A Bordeaux [bawr-doh] wine is any wine produced in the Bordeaux region of south eastern, France. Average vintages produce over 700 million bottles of Bordeaux wine, ranging from large quantities of everyday table wine, to some of the most expensive and prestigious wines in the world. 89% of wine produced in Bordeaux is red (called ‘claret’ in Britain), with notable sweet white wines such as Chateau d’Yquem, dry whites, rosé and sparkling wines (Crémant de Bordeaux) all making up the remainder.

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February 7, 2011

Meritage

meritage association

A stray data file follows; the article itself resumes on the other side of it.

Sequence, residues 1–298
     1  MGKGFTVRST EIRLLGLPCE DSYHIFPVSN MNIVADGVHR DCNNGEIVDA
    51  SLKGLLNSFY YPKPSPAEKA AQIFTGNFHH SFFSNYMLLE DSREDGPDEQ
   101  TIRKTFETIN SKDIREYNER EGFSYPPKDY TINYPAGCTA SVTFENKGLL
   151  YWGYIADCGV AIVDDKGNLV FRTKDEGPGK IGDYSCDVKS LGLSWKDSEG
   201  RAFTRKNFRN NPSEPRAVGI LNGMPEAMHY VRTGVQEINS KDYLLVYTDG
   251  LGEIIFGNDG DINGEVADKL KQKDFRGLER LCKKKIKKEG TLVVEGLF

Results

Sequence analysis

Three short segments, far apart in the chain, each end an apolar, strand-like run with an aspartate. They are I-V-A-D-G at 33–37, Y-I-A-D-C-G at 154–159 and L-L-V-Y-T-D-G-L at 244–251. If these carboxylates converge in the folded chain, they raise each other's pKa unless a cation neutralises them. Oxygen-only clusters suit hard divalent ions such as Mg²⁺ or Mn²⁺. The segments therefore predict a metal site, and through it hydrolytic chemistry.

Meritage is a proprietary term used to denote Bordeaux-style wines without infringing on the French region’s legally protected designation of origin. Winemakers license the Meritage trademark from its owner, the California-based Meritage Alliance. Most Meritage wines come from California, but there are members in 18 other states and five other countries (Argentina, Australia, Canada, Israel, and Mexico). Many people, including some wine experts, Frenchify the word ‘Meritage’ by pronouncing its last syllable with a ‘zh’ sound, as in ‘garage,’ but the Meritage Alliance specifically states that the word should be pronounced to rhyme with ‘heritage.’ The Meritage Association was formed in 1988 by a small group of Napa Valley, California vintners increasingly frustrated by regulations stipulating wines contain at least 75% of a specific grape to be labeled as that varietal.